Such “overscreening” has muscled national chains into closing smaller cinema complexes and wrought financial damage: Carmike Cinemas Inc., United Artists Theater Co., General Cinema, and Edwards Cinemas have sought Chapter 11 bankruptcy protection in the past year, while Wall Street investors have been scared off by businesses associated with the industry.

Loews Cineplex Entertainment Corp., which operated the Showboat, became the latest casualty Thursday. New York-based Loews was acquired by investors as part of a bankruptcy restructuring, and closed 22 theaters including the Showboat, while promising dozens more closures to come. The company, which is among New Jersey’s biggest operators with 204 screens, has not specified which other theaters it will close or when.

With more than 37,000 screens throughout the country at last count – 1,000 in New Jersey – industry analysts say that’s 5,000 to 7,000 too many.

“What’s happening is in many cases you’re not getting new moviegoers, you’re taking moviegoers from a certain area and dividing them up,” said Robert Piechota, who owns two independent Somerset County theaters and is an officer with the New Jersey branch of the National Association of Theater Owners (NATO).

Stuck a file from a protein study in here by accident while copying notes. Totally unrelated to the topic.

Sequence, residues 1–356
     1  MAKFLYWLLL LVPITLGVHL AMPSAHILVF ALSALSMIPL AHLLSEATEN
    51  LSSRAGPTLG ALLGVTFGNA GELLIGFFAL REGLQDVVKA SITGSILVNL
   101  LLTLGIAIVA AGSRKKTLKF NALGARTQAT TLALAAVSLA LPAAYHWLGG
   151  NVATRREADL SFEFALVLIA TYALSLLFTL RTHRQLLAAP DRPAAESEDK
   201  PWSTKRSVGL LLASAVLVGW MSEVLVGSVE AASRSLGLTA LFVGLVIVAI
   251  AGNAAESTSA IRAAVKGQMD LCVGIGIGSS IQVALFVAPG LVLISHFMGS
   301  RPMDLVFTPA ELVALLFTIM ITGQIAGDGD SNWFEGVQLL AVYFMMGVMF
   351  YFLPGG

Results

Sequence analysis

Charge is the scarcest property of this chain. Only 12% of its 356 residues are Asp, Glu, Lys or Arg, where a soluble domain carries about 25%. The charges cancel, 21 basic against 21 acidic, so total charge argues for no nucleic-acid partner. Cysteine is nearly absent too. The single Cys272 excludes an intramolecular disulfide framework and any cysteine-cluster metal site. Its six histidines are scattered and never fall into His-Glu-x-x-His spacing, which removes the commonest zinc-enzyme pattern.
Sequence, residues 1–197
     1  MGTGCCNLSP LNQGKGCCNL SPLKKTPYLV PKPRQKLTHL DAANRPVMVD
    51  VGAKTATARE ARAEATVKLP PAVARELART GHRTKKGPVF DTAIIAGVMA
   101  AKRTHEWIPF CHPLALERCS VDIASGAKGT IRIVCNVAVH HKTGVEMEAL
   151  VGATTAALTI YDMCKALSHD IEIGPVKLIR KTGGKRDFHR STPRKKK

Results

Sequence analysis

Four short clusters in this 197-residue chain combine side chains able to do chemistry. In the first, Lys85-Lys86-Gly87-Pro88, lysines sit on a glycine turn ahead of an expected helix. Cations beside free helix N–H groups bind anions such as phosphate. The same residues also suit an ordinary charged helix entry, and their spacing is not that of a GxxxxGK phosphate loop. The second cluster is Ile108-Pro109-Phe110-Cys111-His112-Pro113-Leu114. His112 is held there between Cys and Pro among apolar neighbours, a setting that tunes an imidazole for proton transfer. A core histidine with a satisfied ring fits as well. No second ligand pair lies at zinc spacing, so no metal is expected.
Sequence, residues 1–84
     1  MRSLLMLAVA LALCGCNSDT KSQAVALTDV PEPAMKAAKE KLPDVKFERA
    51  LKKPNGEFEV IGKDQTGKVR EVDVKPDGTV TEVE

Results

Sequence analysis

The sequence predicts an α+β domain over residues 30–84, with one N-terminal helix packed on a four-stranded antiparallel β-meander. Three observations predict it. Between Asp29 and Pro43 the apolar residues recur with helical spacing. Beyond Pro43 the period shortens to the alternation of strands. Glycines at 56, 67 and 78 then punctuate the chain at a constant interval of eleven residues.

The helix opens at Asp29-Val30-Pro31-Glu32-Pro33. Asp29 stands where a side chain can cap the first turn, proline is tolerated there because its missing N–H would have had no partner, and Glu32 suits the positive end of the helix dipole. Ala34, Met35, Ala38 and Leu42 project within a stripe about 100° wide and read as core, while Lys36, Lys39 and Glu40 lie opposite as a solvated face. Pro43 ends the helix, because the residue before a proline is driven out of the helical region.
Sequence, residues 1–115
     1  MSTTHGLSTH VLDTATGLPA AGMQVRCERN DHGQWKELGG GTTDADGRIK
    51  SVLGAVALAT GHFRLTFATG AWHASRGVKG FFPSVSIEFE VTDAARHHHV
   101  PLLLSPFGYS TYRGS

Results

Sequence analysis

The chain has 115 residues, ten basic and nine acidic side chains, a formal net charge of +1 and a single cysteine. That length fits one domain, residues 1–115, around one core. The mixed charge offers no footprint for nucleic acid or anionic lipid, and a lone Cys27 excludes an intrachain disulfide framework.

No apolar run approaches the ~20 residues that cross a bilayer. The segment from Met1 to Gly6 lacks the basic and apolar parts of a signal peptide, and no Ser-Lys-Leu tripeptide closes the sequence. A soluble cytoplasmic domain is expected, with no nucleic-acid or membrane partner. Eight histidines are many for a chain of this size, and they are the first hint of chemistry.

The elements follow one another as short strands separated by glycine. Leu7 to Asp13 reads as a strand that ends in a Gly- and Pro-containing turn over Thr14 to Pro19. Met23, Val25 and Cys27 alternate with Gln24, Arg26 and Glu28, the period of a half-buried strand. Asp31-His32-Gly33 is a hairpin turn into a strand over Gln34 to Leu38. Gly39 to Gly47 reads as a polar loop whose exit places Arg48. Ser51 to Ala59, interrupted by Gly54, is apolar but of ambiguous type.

Megaplexes have been popping up throughout New Jersey, sometimes with dire results for local competition. The newer complexes include General Cinema’s 16-screen Clifton Commons and a 24-screen theater in Mercer County operated by AMC Theaters.

Moviegoers, like Mary Israel of Hoboken, have shown a clear preference for huge entertainment facilities like the Edgewater Multiplex: “It’s convenient, it’s comfortable, it’s easy to park, the sound is good, the screens are big,” said Israel, who has already seen films including “Traffic” and “The Gift” at the new theater. “Just about everything you could want.”

And the Showboat? “We went once, and that was enough,” she said.